(Blacksburg, Va., Jan. 15, 2001) Among healthy people, muscle strength decreases by only about five percent between the ages of 25 and 40. But between the ages of 50 and 60, muscle strength decreases by about 20 percent.
To many of us this change is noticeable only while were working out at the gym or rearranging furniture, but its a matter of critical importance to the millions of aging workers in physically demanding jobs.
Its also important to Maury Nussbaum, assistant professor of industrial and systems engineering (ISE) at Virginia Tech, who has received a $425,000 grant from the National Institute of Occupational Safety and Health (NIOSH) to study the effects of age on work capacity. "Physically demanding work isnt going away," Nussbaum remarks. During the mid-1990s, he notes, about 12 percent of workers were over 55 years of age and that is expected to rise to 15 percent within five years. Many of these workers are doing the same sort of physical work from assembly-line jobs to heavy construction that they did in their 20s.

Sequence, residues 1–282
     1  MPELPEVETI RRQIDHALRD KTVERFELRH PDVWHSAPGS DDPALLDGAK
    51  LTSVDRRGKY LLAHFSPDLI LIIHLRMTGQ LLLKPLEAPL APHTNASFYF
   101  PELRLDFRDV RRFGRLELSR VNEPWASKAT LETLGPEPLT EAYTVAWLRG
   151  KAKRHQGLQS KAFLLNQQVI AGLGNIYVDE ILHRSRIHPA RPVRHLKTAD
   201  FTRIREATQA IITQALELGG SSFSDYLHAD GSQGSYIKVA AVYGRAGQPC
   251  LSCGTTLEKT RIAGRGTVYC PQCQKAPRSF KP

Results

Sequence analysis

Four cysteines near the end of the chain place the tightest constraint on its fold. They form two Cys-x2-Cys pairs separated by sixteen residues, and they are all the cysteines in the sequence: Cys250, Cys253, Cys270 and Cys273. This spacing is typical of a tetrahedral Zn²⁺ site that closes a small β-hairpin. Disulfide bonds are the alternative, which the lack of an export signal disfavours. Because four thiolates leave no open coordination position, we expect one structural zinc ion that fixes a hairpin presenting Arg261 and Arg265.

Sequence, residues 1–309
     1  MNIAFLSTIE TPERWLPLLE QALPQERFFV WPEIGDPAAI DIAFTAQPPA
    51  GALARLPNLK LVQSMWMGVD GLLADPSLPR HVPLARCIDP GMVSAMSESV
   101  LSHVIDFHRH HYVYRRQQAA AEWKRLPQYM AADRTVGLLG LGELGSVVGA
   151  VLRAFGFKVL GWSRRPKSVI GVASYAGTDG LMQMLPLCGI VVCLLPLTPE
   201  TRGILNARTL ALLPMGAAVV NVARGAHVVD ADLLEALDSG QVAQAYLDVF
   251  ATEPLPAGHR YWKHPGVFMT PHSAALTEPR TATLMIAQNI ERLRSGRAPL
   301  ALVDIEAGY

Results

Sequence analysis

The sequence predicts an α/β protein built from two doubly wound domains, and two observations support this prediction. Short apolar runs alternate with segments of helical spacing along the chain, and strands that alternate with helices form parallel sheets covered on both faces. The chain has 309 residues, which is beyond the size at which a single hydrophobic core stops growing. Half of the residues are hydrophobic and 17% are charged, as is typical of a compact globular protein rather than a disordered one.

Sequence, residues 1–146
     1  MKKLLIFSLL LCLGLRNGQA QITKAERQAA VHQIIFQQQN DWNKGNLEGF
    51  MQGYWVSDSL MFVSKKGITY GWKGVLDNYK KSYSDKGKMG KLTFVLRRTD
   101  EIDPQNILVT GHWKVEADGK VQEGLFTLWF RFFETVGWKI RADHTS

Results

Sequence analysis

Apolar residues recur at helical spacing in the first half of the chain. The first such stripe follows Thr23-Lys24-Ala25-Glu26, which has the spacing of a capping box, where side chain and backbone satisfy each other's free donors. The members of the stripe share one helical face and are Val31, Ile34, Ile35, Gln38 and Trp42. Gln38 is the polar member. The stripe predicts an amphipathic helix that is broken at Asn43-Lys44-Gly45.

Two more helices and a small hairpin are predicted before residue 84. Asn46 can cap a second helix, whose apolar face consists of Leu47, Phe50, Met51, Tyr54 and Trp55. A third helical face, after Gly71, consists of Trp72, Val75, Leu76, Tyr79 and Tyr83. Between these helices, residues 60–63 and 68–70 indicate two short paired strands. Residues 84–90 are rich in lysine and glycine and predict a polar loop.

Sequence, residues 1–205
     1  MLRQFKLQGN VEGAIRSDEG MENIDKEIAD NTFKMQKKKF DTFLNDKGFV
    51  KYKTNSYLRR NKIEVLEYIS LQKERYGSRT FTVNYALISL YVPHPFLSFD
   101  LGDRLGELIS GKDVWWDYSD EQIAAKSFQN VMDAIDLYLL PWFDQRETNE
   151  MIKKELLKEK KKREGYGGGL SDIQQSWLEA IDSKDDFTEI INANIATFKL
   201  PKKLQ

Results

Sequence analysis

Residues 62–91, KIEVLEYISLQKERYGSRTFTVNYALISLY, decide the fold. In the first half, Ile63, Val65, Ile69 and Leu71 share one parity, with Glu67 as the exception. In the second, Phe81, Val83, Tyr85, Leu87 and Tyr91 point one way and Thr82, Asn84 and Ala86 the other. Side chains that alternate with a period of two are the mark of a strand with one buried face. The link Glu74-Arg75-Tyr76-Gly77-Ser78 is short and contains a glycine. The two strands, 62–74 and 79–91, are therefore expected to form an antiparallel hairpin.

"By 2020, about 52 million people in the U.S. will be over 65," he notes. "Many workers are staying on the job longer, and many industries have increased the average age of workers doing physically demanding jobs. We need to learn what older workers are capable of doing during complex exertions."
Nussbaum works in ISEs Human Factors Engineering program. "I try to learn how the workplace affects workers and how to design workstations to maximize work capacity and minimize risk," he says.
Theres evidence of an intriguing twist to the fact that muscle strength is diminished with age, Nussbaum notes. As we age, we also develop more endurance. "Despite being weaker, older workers seem to have more resistance to fatigue," he says.
Muscles are composed of two types of fibers "fatigue-able" and fatigue-resistant. The fatigue-able fibers provide maximum strength or force, and we experience a selecti
Contact: Maury Nussbaum